How much electricity will my solar panels produce?
Finally the big day has arrived: after waiting months, your 10 kW solar PV system is installed and you are eagerly monitoring the initial production of your investment. Lucky for you, it's a picture perfect day for solar energy with hardly any clouds in the sky. After tallying up the production for the whole day, you realize that you are nowhere close to what a 10 kW constant output should have produced. The good news: there's probably nothing wrong with your system. The bad news: you are mixing up energy and power.
The "10 kW" in your system specifications is the nameplate capacity, or rated power, of your system. In ideal laboratory conditions, your panels would actually produce 10 kW of electricity each hour (hence an output of 10 kWh in electrical energy). However, real life is far from these ideal conditions. Most of the time, your system will produce less than 10 kWh. This is perfectly normal. The average level of production can be expressed (in percentage terms) as the "capacity factor". If your system has a capacity factor of say, 15%, then your average production will be 10 kW x 15% = 0.15 kWh. The capacity factor itself is largely determined by your location (e.g., orientation and shading of your roof) and your local climatic conditions.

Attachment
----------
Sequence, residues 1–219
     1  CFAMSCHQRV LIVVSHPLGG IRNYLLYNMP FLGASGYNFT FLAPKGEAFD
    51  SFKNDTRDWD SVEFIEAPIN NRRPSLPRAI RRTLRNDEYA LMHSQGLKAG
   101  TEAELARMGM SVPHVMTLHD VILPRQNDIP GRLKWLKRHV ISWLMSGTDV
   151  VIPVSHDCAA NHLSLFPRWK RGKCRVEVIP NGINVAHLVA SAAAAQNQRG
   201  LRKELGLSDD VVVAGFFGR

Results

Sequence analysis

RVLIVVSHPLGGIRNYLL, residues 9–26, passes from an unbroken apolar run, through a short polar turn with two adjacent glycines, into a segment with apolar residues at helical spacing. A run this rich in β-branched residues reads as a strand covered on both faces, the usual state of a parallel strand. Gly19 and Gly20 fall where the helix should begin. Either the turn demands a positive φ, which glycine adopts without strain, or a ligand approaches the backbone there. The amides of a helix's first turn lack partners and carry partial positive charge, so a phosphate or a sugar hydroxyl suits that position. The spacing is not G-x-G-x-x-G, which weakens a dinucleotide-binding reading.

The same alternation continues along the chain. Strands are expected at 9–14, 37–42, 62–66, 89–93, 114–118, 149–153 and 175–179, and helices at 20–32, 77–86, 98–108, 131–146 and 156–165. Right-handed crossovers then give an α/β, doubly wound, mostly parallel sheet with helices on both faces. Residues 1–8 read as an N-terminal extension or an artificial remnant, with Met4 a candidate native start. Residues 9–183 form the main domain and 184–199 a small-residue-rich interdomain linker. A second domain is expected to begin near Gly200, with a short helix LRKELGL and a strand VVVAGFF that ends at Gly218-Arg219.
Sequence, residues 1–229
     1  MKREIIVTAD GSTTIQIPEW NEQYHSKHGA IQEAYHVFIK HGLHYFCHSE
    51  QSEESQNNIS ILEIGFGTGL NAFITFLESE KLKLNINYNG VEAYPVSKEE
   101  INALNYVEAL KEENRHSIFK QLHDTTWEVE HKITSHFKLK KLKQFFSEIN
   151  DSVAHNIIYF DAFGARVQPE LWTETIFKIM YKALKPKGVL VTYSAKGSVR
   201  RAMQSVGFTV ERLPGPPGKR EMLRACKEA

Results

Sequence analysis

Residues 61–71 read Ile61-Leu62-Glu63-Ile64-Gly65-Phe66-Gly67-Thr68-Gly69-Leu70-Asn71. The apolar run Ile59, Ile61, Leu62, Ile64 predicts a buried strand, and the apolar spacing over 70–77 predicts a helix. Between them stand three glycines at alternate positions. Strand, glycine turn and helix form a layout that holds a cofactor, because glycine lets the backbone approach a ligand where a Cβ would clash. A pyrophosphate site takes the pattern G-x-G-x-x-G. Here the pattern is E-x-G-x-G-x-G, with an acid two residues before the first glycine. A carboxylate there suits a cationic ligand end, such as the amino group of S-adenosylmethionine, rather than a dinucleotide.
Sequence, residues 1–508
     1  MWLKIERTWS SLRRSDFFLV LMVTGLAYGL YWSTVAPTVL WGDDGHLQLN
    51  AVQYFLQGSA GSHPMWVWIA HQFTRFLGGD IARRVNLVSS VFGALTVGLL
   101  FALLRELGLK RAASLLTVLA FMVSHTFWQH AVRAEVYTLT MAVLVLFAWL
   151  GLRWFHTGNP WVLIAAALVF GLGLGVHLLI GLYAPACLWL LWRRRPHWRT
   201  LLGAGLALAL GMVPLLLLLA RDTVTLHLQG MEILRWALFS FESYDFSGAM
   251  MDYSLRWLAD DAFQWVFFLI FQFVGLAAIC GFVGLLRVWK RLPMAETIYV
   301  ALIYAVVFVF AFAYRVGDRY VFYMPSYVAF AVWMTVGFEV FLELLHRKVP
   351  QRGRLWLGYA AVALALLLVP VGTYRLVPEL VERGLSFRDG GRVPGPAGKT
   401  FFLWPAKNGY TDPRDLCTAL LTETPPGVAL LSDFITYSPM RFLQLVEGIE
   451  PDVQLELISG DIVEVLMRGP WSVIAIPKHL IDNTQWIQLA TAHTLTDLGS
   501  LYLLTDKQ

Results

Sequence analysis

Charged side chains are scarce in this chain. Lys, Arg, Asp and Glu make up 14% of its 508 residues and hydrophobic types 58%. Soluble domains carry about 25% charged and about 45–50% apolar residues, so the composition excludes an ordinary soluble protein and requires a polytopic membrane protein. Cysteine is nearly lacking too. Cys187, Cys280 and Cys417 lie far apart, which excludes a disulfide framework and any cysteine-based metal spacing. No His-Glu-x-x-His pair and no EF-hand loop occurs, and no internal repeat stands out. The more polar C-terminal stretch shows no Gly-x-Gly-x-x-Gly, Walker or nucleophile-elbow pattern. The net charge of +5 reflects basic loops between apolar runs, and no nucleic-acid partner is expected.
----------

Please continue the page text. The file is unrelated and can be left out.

Another way to look at this is to think of your installed capacity as the maximum speed of your car. Even though your speedometer may max out at 150 mph, you would seldom find yourself driving at that speed. Most of the time, your actual speed would be well below the maximum level. Likewise, you won't be seeing your solar energy system produce at its rated power very frequently.
In order to determine your system's capacity factor, you can consult WhatNextNow Solar Discover
. Using Discover, you can play around with different system specifications and location variables to give you a very good idea about your average expected energy production rates.